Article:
The Killers: Wonderful Wonderful

The Killers: Wonderful Wonderful

Some of the Killers’ best music to date.

The Killers: Wonderful Wonderful

4 / 5

Day & Age and Battle Born gave the Killers a couple strong singles, the backbone of their career. But not since Sam’s Town have the Killers released a solid album. Wonderful Wonderful is the band’s fifth LP and the product of a five-year hiatus that saw some members stop playing with the band live at all and Brandon Flowers recording his first solo album. It’s not a comeback album, per se, but an illustration of the best of the Killers and the magic that put them at the top of American pop-rock. Tracks like “Tyson vs. Douglas” and “Out of My Mind” emulate the driving guitars and astral synths that made tracks like “Somebody Told Me” and “When You Were Young” hits. While there’s a focus on the struggles of maintaining their place at the top, there’s equal parts celebration on display, a celebration of a band back together again and intent on writing some of their best music to date.

While Wonderful Wonderful might seem like a none too subtle hint for those curious as to how good of a Killers album this is, the opening title track is a primal, brooding and motivational song. Announcing the beginning of the album with a bull horn, tribalesque percussion backs Flowers’ entreaties “Don’t you listen to the never/ Keep praying for rain” leading up to the chorus of “Keep your ear to the shell/ Stay on the path that leads to the well.” The resolute sentiment transitions well into funky bass-driven lead single “The Man,” which sees the band reflect on the heights that they’ve reached, with cockiness to spare: “They kiss on the ring, I carry the crown…Don’t need no advice, I got a plan/ I know the direction, the lay of the land/ I know the score like the back of my hand.”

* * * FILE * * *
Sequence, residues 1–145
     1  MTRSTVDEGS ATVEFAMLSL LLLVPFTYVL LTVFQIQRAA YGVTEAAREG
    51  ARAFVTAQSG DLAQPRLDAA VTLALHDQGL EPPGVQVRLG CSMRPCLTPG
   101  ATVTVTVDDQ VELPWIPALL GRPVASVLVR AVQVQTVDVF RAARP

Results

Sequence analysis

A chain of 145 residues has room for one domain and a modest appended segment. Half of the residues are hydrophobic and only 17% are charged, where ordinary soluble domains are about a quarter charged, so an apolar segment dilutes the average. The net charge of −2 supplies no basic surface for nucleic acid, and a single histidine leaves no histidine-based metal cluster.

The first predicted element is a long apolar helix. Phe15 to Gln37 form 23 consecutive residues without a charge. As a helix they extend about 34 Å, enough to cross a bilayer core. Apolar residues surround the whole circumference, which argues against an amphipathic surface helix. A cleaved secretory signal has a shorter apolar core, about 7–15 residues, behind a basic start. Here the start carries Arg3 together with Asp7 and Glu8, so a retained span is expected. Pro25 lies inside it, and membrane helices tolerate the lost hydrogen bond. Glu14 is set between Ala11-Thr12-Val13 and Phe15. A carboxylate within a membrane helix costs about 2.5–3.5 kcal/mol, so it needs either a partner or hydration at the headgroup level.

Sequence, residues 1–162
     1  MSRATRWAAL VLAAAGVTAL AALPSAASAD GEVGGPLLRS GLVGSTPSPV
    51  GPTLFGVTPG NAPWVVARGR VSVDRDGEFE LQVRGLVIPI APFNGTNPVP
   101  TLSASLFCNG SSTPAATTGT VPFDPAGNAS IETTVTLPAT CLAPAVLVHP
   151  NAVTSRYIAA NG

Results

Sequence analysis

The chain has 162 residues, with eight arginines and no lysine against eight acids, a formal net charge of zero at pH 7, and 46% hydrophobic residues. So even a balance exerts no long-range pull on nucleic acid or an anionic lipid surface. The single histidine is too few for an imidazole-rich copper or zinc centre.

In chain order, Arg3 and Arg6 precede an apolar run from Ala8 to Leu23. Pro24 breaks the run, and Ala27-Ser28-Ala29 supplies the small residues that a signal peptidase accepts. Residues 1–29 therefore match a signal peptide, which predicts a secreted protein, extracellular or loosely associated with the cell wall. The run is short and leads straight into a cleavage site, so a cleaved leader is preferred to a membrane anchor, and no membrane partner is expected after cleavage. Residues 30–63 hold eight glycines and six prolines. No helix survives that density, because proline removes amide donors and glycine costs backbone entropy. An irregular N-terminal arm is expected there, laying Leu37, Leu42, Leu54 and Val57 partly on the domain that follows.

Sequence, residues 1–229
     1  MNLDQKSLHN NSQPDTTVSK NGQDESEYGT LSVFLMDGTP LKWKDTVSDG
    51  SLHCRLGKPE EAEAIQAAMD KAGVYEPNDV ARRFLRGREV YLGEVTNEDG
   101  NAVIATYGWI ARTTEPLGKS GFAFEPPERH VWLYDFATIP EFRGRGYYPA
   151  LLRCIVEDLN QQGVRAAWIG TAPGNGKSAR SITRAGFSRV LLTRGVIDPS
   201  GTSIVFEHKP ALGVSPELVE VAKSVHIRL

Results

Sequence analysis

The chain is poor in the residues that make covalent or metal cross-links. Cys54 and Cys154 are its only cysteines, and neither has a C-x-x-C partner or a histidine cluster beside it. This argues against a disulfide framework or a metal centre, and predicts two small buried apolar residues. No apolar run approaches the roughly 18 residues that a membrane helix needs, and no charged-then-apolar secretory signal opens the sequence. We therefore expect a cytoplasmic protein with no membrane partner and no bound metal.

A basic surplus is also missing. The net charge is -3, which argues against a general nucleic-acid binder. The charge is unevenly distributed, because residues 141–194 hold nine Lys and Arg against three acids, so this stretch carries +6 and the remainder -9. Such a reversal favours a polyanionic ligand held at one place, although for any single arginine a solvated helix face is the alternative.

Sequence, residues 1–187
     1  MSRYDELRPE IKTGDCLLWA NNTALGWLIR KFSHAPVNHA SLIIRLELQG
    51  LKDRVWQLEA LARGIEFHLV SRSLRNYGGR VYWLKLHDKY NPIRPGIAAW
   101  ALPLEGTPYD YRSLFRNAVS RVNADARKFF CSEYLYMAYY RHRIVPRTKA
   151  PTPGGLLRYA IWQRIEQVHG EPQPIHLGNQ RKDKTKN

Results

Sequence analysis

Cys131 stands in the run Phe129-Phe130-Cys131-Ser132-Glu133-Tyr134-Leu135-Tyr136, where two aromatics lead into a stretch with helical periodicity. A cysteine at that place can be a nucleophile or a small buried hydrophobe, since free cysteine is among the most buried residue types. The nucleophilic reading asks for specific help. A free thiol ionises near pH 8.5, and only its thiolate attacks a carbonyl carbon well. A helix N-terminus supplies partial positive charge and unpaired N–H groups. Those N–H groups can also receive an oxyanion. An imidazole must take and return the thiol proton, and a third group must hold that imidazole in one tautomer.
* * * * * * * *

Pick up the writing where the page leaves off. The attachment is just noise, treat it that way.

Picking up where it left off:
But where “The Man” is almost boasting, “Tyson vs. Douglas” sees Flowers ruminating on fallen idols and heartbreaking disappointment. Clearly, even though the bottom isn’t looming for the Killers, it’s a sobering thought: “And I think of me/ Feeling the slip again/ Don’t wanna fall.” The sentiment is repeated on the sleek, ’80s-indebted “Out of My Mind” where Flowers first picks up the bravado again, turning the song into an exercise in name-dropping: “Went back to back with Springsteen/ You turned and rolled your eyes/ So I told you about McCartney/ And that’s a heavy name to drop.” The difference here is that Flowers’ audience on this track is less impressed by his marquee performances. And it’s telling once again that the whole affair opens with the self-aware lines “We’re building up a kingdom/ We hope it never falls.

But while the Killers hope that their pop-rock star never fades, they end the album on a fairly unsure note. Ballad “Have All the Songs Been Written?” reveals Flowers’ frustration at trying to craft anything, let alone an epic album. With a title taken from an email Flowers sent to Bono, the glimmer of hope in the midst of this existential writer’s block is the phrase “Oh, I just need one to get through to you/ I just need one more.” Who knows how long they’ll clamor for that one more, but on Wonderful Wonderful, the Killers definitely offer up more than one hit in the making.

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